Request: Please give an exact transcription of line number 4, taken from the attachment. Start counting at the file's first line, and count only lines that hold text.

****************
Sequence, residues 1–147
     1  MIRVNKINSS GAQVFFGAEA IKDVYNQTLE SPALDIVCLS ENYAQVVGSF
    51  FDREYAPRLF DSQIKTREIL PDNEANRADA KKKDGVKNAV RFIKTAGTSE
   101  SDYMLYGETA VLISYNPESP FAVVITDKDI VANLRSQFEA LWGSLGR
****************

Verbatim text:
   101  SDYMLYGETA VLISYNPESP FAVVITDKDI VANLRSQFEA LWGSLGR